Pope Francis recently made bold comments on capital punishment. He called it “contrary to the gospel” and flat out “inadmissible.” In these words, we are seeing the culmination of what’s been building over the course of several pontificates—John Paul II, especially, but other popes, as well.

There are, at least, two developments happening in Church teaching that I see:

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Sermon: God and the Universe

It’s that old approach that St Anselm wrote about in the 11th c, fides quarens intellectum, faith seeking understanding. It’s important to distinguish faith and belief. Faith is an attitude of trust, and belief is trying to make sense of that attitude. What you believe is serious, but not too serious. Karl Barth, who wrote many, many books, including his voluminous Church Dogmatics, once commented that the angels would have a good laugh when they saw him pushing a wheelbarrow full of his books through the pearly gate. That we all agree in our belief is not the point. Each of us is seeking understanding. Agreement is not the point. Openness and respect is.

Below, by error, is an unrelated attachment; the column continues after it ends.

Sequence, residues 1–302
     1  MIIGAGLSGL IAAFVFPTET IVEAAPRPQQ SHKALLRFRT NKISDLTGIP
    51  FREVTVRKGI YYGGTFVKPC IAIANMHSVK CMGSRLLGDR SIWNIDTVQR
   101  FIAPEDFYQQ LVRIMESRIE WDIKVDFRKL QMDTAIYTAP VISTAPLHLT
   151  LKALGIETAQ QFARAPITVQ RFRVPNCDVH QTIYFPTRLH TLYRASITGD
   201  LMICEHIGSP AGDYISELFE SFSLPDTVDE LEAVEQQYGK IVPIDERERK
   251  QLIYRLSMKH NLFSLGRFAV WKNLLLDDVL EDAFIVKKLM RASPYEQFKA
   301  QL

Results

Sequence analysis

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Nevertheless, love.

My words in this article will implore you to live a life of love. My tone borders on zeal. You will hear echoes of the Buddha, Chasidic masters, Mother Teresa, 1 Corinthians 13, and what you know in your heart to be true. If you are not able to consider living your life in more love, please do not proceed. If you read this and do not like parts of what I write, please respond so we can both learn and grow.

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The Profanity of ‘Thoughts and Prayers’